Phenomenology (from Greek: phainómenon "that which appears"; and lógos "study") is a philosophical movement. It was founded in the early years of the 20th century by Edmund Husserl, expanded together with a circle of his followers at the universities of Göttingen and Munich in Germany, and spread across to France, the United States, and elsewhere, often in contexts far removed from Husserl's early work.
Phenomenology, in Husserl's conception, is primarily concerned with the systematic reflection on and analysis of the structures of consciousness, and the phenomena which appear in acts of consciousness. Such reflection was to take place from a highly modified "first person" viewpoint, studying phenomena not as they appear to "my" consciousness, but to any consciousness whatsoever. Husserl believed that phenomenology could thus provide a firm basis for all human knowledge, including scientific knowledge, and could establish philosophy as a "rigorous science" of measurable perception..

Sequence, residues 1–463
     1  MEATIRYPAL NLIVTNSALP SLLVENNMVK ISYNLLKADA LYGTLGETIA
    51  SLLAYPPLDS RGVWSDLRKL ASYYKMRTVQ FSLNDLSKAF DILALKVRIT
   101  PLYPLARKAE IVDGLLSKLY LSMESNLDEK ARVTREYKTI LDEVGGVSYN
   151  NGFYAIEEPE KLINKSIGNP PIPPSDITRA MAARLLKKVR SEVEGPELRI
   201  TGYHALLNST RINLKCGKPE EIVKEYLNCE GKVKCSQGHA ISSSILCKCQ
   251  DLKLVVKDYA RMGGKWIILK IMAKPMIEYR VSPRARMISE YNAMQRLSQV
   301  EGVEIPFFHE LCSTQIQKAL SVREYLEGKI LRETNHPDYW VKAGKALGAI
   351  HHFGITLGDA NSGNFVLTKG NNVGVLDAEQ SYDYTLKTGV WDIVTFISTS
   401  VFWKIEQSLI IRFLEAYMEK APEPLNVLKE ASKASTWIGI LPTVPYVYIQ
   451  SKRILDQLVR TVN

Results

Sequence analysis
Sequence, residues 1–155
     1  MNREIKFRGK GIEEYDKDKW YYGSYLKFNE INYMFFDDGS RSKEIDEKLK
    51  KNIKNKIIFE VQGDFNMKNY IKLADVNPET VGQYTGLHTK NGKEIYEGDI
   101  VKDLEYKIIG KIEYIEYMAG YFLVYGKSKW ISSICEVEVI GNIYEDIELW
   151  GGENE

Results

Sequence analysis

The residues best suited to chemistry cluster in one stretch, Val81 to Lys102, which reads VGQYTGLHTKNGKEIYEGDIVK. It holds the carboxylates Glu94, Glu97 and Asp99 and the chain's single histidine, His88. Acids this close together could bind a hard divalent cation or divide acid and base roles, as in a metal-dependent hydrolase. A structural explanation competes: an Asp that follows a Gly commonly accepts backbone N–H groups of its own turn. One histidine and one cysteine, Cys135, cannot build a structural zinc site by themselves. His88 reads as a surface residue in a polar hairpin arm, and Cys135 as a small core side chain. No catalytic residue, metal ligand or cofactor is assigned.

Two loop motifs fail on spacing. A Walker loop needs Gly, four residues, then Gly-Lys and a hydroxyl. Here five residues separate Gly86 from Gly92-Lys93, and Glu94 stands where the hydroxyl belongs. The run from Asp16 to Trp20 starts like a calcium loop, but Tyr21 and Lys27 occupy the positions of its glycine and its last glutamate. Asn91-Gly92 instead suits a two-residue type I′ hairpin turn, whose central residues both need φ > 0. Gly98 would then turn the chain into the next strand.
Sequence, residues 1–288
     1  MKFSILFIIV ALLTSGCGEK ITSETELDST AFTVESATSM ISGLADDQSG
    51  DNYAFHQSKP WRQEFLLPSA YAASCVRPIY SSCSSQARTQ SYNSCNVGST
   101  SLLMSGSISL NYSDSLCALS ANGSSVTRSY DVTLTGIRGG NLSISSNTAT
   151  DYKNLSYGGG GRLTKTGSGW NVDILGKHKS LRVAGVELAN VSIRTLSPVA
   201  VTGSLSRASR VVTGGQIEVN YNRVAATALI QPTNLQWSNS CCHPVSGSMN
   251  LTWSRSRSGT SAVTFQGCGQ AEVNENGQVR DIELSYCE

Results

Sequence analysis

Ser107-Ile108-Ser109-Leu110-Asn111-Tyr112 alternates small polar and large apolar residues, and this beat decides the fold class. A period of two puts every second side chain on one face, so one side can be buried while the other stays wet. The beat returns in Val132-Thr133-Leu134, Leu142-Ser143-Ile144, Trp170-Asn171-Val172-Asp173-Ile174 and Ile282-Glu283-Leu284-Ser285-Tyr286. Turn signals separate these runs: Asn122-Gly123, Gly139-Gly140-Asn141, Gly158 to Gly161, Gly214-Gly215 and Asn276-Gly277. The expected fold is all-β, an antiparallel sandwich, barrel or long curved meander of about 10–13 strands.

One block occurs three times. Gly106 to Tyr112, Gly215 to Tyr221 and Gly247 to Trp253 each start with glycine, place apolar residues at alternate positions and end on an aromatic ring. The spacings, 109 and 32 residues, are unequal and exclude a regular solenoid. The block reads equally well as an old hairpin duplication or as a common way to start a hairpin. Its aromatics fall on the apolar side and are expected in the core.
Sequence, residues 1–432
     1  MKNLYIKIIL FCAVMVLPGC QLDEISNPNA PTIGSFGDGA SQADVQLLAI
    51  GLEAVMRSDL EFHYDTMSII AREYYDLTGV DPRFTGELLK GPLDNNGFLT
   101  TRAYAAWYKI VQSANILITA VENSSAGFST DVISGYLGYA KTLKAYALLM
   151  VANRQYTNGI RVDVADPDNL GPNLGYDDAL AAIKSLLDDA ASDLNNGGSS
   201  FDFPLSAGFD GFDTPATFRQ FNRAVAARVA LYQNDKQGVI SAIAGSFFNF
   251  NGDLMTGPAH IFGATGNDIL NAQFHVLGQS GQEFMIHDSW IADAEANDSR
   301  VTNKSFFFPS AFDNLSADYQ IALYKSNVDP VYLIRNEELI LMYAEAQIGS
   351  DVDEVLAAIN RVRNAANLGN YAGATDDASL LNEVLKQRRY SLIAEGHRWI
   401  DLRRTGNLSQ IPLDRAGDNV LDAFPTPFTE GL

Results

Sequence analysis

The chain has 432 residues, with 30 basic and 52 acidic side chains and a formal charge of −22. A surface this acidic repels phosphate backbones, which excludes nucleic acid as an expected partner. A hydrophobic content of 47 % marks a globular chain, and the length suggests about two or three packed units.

Husserl's conception of phenomenology has been criticised and developed not only by himself, but also by his students Edith Stein and Martin Heidegger, by existentialists, such as Max Scheler, Nicolai Hartmann, Maurice Merleau-Ponty, Jean-Paul Sartre, and by other philosophers, such as Paul Ricoeur, Emmanuel Levinas, and sociologists Alfred Schütz and Eric Voegelin.
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